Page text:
Bears don't respond like a playoff team in loss
Even Smith sounds wishy-washy following setback
David Haugh's In the Wake of the News
8:46 p.m. CST, December 2, 2012
As shaken Seahawks wide receiver Sidney Rice lay flat on his back in the end zone after scoring the winning touchdown Sunday in Seattle's 23-17 overtime victory over the Bears, fans gave him a warped welcome to the southeast corner of Soldier Field.
"Stay down you #$#@#@!" one guy yelled as doctors attended to Rice.
On a day defined by resilience, Rice responded the way the Seahawks did every other time they faced adversity in a hostile environment. He overcame it. He got up.
"Had to go celebrate," Rice said later.
And when Rice finally rose to his feet after safety Major Wright clocked him at the end of his game-winning 13-yard catch, it was the Bears who wobbled away dazed and confused looking like anything but a playoff team.
The Seahawks giveth the Bears first place in the NFC North back in September with a faux victory over the Packers. Sunday, the Seahawks taketh away.
You know the Bears' swagger had become a stagger when their supremely confident leader sounded so wishy-washy.
So, Lovie Smith, take us through the decision to go for it on fourth-and-1 behind a patchwork offensive line from the Seahawks' 15-yard line with a 7-0 lead early in the second quarter. Any regrets, coach?
"I should have taken the field goal in a game like that," Smith surprisingly volunteered. "I feel like we had momentum and wanted to really kind of knock them out. That was the big play of the game."
That was the biggest play. Or maybe was it Seahawks quarterback Russell Wilson's 12-yard scramble on third-and-5 in overtime? Or tight end Zach Miller's fourth-down catch? Rice's TD reception? I keep changing my mind.
Apparently so did Smith, who is more likely to tell jokes at a postgame news conference than show candor. Yet minutes after wishing aloud that he would have kicked the field goal, Smith must have realized he publicly had agreed with so many critics in Chicago. He contradicted himself.
"Would I do it again?" Smith asked. "Probably so."
Huh? Smith would make the same decision he called the wrong one? Put the Lovie Smith Waffle on the United Club menu. Smith uncharacteristically sending mixed messages only underscored how much this loss rattled the coach and his team.
That is what happens when a tired defense that once was Super Bowl-caliber lets a rookie quarterback orchestrate a fourth-quarter, 12-play, 97-yard go-ahead drive. As old and slow as Wilson made the Bears look defensively, nobody should have been surprised when the Seahawks marched 80 yards in overtime with relative ease.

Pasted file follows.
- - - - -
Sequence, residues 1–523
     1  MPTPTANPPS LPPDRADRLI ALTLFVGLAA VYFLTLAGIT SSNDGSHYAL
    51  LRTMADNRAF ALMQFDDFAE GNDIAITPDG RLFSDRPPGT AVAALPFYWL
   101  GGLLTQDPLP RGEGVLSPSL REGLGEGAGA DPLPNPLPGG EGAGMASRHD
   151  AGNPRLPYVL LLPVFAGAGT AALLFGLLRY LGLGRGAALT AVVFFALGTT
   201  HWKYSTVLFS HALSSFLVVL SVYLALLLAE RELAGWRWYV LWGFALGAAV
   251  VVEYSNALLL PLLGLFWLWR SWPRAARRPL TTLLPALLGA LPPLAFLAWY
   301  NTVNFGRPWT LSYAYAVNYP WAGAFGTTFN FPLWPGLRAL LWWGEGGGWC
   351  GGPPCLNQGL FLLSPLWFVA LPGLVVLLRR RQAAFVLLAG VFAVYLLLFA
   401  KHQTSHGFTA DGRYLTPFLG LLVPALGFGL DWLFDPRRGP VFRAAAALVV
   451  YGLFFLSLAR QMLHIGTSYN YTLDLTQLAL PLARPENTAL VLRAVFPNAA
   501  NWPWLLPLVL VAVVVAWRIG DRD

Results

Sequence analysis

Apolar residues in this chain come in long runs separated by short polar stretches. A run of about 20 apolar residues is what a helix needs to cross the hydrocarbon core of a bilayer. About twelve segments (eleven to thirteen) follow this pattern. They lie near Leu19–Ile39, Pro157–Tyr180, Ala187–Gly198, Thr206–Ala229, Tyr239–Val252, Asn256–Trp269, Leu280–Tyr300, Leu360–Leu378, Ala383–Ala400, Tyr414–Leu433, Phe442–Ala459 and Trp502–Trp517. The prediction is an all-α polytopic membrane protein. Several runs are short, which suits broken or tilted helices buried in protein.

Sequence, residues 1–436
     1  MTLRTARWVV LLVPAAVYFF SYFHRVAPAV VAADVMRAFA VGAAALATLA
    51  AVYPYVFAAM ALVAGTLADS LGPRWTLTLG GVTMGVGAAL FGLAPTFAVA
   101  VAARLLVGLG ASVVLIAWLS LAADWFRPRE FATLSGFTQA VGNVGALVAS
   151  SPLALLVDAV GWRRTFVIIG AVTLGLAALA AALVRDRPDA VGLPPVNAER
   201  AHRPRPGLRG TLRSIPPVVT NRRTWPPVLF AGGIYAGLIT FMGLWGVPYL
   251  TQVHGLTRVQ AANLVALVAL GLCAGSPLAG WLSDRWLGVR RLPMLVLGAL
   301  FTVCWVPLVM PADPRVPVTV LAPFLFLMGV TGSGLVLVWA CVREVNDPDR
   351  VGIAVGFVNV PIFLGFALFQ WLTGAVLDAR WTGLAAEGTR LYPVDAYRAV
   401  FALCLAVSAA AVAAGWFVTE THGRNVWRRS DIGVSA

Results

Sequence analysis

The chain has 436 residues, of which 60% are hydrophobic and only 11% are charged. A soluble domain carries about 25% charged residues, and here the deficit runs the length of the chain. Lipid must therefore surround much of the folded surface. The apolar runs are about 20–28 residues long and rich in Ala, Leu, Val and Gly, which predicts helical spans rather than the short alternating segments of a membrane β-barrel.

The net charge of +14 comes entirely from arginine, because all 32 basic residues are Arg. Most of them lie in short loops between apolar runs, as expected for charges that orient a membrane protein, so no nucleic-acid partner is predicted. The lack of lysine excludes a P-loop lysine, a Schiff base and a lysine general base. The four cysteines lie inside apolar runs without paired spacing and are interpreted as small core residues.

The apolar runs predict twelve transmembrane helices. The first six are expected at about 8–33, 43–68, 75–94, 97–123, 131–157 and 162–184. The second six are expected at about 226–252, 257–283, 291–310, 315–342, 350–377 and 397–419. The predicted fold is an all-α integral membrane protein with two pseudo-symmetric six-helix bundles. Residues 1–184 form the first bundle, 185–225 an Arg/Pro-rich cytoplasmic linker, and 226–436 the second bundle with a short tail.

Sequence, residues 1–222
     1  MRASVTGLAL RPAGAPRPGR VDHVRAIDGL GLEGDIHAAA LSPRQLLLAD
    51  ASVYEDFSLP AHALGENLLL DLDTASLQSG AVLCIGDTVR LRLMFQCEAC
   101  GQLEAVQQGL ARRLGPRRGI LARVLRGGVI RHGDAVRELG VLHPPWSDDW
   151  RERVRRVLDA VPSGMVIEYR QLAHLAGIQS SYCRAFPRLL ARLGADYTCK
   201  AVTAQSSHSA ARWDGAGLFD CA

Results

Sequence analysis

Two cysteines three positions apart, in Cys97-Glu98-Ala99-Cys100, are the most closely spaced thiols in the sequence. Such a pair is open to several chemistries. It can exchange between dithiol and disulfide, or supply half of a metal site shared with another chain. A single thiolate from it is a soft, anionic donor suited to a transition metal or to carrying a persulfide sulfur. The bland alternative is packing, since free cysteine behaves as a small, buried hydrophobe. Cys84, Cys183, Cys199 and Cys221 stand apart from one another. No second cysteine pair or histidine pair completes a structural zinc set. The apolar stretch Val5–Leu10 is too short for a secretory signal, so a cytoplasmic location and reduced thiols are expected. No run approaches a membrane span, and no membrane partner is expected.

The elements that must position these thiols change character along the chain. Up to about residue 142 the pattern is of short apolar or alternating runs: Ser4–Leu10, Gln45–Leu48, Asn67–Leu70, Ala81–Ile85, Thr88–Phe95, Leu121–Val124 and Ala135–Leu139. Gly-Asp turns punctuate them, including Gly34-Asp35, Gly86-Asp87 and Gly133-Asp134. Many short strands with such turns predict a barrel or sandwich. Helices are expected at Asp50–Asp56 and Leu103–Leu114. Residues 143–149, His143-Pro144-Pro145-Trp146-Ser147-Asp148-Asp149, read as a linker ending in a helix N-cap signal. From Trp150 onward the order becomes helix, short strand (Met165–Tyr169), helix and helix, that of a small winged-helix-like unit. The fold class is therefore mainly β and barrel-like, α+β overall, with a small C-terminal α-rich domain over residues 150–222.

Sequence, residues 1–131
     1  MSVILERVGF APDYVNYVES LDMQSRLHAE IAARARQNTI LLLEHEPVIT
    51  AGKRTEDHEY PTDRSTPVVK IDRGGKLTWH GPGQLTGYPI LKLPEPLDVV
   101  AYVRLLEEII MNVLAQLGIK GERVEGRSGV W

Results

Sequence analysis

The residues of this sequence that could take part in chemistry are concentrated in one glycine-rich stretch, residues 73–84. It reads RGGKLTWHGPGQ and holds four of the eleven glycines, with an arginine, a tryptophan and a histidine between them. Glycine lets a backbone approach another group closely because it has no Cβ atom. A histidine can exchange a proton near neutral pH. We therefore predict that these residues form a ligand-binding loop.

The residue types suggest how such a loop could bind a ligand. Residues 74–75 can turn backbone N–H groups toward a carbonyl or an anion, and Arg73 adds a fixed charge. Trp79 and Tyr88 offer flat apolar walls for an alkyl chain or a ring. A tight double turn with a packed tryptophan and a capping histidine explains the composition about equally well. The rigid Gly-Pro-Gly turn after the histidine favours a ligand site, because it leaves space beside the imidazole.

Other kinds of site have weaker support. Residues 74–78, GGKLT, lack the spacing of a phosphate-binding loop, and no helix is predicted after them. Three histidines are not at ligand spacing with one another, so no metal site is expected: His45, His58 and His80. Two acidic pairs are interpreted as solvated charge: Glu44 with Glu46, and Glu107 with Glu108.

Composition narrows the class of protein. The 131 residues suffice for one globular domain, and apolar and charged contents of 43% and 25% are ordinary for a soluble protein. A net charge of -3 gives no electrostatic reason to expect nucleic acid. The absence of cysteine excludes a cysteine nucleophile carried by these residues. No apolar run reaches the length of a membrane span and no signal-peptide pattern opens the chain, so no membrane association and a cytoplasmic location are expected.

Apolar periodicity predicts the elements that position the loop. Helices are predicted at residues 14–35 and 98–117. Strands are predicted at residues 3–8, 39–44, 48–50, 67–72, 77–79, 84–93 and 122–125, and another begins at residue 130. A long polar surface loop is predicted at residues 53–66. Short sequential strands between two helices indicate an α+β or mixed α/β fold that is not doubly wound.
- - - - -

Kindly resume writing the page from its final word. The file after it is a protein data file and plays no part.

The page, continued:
Pete Carroll wasn't.
"It was just extraordinary, exquisite poise," the Seahawks coach said of Wilson.
It was symbolic when linebacker Brian Urlacher limped off with a hamstring injury before the final play Wilson faked the read option and nimbly kept the game-winning play alive with his feet. The Bears' aging leader could only watch helplessly as his ragged teammates tried in vain to keep up with their younger, quicker opponents — the story of this game summed up in one sideline snippet. The December of the Bears' season indeed.
"You've got to be able to reach down," Smith said.
When the Bears did, they had nothing left. Meanwhile, the Seahawks bounced around like they had an espresso bar on the sideline. This was Seattle's best of 2012.
"I went to the huddle the last (97-yard) drive and just told the guys, 'This is what the season comes down to, right here, right now,'"' Wilson said.
The Bears better hope not. Their third loss in four games stung more than the rest because they deserved to lose this one. They nearly changed the narrative when Jay Cutler connected with Brandon Marshall on a last-ditch, drawn-in-the-sand 56-yard pass play to set up Robbie Gould's 46-yard field goal. But it only prolonged the agony on a day full of it.
Earl Bennett dropped a sure 62-yard TD pass. Wright let a potential clinching interception on the final drive slip through his hands. The defense gave up 176 yards rushing and 8 of 15 third-down conversions. The offense did its best second-half work as a piņata, moving the chains on its only TD drive due to dumb Seattle penalties.
Contrary to Monday's likely lament, the game didn't come down to Smith not trying a second-quarter field goal. Smith would have been better off defending his decision and stressing too much happened in 43 minutes that followed to blame one play. Focusing on Smith's flip-flop only obscures bigger issues suddenly confronting the Bears.
"This is a tough time," Marshall said. "This is a time where it's easy to point fingers ... but we're going to come together."
Like playoff teams do in December. Like the Seahawks did Sunday.